These rolls can range from 60-250 yards depending on the mill and customer requests.  Our company prefers larger rolls because then we end up with fewer short pieces.  For example, if the roll is 75 yards and we are cutting 15 yard pieces, we would hope to get 5 bolts. But if there is a seam that has to be cut out, we end up with 4 good/standard bolts and one odd sized, non-standard bolt.  On the other hand, if the roll is 250 yards, we are much more likely to end up with around 16 standard bolts which is a much better result.

Now that the fabric is palletized, it needs to take the four hour trip back to the Port of Pusan, by container truck, and from there the container needs to be loaded on to a ship to the U.S.  The quantity of fabric will determine how the goods are to be shipped.  If we have about 70,000 yards or less to ship, the goods would have to travel LCL (less than a container load).  If it is LCL, our goods may be mixed with another fabric vendor’s goods.  On the other hand, if we have 80,000 yards to ship, that quantity can go by itself in our own 20 foot container. Moreover, if we have 130,000 to 140,000 yards, that can go in a 40 foot container (see below).

20 FOOT CONTAINER  or 40 FOOT CONTAINER

We prefer to have a full container because that way we can control our own destiny, like the timing, port of entry, type of carrier and so on.    However, with LCL, we are at the mercy of someone else.  Unfortunately, it doesn’t always work out that we have enough fabric to fill a full container, but we try our best as we like to have control.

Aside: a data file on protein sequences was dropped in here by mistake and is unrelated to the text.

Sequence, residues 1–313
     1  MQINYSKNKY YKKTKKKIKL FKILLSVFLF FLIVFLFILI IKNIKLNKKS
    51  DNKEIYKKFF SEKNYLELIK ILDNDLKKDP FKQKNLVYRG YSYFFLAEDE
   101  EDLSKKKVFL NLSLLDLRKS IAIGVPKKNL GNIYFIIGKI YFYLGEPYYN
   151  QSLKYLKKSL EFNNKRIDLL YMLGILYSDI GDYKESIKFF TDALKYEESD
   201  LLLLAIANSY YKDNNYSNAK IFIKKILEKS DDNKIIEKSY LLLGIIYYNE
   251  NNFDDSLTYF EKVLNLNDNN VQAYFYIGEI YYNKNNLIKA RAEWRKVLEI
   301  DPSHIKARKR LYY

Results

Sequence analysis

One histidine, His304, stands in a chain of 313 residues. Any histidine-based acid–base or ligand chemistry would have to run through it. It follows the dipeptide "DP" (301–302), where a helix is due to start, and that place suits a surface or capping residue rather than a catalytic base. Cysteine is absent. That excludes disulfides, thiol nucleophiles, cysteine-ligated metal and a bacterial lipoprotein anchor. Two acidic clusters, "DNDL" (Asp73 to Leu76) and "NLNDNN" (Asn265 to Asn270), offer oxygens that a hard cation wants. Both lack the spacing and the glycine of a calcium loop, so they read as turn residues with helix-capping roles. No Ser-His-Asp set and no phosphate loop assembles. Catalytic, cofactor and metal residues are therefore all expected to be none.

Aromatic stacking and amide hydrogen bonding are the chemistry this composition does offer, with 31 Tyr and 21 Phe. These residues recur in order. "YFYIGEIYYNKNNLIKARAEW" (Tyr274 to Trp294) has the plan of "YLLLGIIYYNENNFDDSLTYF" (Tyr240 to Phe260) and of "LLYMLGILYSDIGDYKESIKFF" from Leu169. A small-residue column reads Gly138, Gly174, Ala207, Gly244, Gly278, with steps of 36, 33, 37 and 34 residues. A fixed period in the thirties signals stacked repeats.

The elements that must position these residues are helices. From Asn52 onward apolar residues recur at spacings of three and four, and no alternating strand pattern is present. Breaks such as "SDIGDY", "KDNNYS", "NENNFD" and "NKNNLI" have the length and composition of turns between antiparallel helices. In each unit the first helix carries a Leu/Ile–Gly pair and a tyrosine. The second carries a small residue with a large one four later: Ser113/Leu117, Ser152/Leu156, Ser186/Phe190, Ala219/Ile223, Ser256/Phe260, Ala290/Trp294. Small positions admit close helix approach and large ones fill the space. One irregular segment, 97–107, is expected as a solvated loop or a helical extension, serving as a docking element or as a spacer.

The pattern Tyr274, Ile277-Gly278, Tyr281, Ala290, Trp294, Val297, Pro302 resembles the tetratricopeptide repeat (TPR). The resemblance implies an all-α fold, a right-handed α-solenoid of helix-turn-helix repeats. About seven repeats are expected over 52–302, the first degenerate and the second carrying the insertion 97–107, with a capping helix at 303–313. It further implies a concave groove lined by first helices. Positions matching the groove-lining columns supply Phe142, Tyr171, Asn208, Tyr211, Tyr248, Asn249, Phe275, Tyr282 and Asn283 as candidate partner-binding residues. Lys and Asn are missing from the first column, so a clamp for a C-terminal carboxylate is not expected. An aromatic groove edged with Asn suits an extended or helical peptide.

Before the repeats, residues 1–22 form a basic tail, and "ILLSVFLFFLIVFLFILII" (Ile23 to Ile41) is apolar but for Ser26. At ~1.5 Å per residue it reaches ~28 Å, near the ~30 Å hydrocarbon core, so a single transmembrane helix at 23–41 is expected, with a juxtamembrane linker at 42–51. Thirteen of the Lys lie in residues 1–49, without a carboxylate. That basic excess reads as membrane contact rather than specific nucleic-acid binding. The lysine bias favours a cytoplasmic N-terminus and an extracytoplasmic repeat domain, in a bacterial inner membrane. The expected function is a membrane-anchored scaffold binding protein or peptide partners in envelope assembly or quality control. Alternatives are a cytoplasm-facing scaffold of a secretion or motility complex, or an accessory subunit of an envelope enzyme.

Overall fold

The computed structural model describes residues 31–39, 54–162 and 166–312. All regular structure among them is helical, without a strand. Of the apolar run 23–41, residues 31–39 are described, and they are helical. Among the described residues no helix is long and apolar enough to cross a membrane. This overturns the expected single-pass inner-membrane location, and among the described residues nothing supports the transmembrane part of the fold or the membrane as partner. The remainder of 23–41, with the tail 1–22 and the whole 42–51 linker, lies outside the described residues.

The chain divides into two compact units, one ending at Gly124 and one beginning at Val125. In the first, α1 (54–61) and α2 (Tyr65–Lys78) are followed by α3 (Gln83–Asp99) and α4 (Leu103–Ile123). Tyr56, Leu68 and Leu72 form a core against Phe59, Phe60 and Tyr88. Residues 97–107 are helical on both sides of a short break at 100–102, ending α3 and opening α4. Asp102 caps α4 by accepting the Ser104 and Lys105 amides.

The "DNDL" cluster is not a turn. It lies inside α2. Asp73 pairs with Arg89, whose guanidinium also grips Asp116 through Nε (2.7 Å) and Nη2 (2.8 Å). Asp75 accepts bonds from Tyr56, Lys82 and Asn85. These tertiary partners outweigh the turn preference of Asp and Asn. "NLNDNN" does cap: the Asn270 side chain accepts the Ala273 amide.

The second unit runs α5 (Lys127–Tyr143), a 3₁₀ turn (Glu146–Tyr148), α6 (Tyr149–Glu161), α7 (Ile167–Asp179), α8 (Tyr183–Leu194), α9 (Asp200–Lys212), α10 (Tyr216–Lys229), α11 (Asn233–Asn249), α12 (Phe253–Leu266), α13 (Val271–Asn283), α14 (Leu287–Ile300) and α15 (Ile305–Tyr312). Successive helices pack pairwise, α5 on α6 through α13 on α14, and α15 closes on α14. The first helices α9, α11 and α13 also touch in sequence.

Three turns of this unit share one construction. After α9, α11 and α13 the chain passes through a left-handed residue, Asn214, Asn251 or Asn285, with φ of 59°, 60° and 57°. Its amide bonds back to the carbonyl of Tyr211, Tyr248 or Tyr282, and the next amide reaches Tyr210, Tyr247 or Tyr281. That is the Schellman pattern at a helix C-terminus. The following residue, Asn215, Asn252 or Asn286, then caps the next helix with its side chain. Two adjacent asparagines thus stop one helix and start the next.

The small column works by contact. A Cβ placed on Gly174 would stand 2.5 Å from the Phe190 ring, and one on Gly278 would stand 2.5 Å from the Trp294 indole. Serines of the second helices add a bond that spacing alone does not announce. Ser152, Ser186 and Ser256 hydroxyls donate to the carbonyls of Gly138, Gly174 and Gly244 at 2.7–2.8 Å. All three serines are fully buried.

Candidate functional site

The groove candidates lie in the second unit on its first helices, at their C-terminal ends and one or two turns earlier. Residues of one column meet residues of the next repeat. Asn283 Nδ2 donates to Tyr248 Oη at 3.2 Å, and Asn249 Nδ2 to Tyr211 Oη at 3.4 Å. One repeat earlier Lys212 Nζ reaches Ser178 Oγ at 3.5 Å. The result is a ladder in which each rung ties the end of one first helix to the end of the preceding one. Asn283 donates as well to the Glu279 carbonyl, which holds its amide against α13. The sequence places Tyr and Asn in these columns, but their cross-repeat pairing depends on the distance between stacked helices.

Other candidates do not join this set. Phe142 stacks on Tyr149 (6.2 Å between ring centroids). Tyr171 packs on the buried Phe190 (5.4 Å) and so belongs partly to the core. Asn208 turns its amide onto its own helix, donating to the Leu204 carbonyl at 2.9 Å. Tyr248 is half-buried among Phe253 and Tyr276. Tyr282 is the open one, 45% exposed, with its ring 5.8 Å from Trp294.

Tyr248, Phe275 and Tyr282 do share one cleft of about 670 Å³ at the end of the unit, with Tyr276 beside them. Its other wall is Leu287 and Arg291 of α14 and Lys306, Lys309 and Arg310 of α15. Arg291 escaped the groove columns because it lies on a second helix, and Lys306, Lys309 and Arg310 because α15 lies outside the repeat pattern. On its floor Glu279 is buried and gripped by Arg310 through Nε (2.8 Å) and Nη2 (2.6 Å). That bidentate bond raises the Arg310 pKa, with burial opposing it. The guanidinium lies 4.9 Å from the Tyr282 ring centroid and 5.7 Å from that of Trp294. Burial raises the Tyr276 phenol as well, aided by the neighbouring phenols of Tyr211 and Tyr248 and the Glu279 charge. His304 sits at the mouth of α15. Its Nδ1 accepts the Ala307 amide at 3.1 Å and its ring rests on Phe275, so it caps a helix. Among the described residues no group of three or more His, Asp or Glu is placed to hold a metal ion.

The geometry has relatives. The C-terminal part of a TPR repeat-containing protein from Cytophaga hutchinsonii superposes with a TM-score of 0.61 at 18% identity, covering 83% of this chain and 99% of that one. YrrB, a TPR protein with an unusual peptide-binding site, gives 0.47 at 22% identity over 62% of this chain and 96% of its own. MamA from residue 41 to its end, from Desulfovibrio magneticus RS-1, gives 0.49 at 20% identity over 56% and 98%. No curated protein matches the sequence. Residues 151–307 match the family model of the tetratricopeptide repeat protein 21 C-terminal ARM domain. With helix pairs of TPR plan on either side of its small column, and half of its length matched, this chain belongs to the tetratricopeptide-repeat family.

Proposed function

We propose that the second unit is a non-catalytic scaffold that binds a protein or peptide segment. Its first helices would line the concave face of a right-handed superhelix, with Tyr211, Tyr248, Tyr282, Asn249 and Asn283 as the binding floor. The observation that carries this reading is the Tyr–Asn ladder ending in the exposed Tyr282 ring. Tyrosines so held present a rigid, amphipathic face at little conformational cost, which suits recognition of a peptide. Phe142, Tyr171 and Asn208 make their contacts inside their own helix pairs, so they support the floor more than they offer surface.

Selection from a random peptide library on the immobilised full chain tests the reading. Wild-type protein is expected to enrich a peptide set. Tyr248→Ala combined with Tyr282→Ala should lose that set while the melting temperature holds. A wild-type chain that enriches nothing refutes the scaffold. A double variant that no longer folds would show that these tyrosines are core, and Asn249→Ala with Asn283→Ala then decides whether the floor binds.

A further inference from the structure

All aboard to the U.S. of A.!  Then, a mere 20-25 days later the boat arrives at the Port of New York.  From the Port of New York, the goods can travel in any of the following ways to Charleston, South Carolina:

By boat to Charleston, by truck to Charleston, by boat to Atlanta and then Charleston, or by truck to Atlanta and then Charleston.

However the fabric gets to Charleston, it finally gets  cleared through customs and then travels by truck to Seneca, South Carolina.  Welcome to SNS SOUTH!

 

 

To be Continued….. 

 

 

 

 

TALES OF A FOURTH GENERATION TEXTILE EXECUTIVE Part B: Where Did This Fabric Come From?

PART 2:  SNS SOUTH, UNLOADING, UNPACKING, DOUBLE AND ROLLING, BAGGING, STOCKING THE SHELVES, PICKING & PACKING AND FINALLY SHIPPING TO YOUR STORE.

 

Is there anybody out there? Hi!  It’s me, Scott.  I’m back!  From the multitude of comments, emails, phone calls, death threats (note sarcasm) that I have been receiving in response to my first blog installment of Tales of a 4th Generation Textile Executive, it seems quite clear that legions of quilters around the world are waiting on the edge of their seats for my next installment (note sarcasm again).  The irony of the whole thing is that my social media guru, Vanessa, keeps begging me to write the blog… as if anyone is going to read it.  “Just trying to stay with the schedule Scott” she keeps saying.  I get it Vanessa.  The only thing more depressing than the number of people reading my blog is that I, being “Mr. Studioe” have like 60 friends on Facebook.  Who knew that one day our self-worth would be measured by the number of Facebook friends we have?  What is this world coming to?

Enough with the digression….sorry!  To kick things off in Part 2 of “Where Did This Fabric Come from?” I am going to send a free fat quarter bundle of our beautiful basic Watermark line to the first person that makes a comment about this blog.  I don’t even care what your comment is, just say something, anything…..pretty please.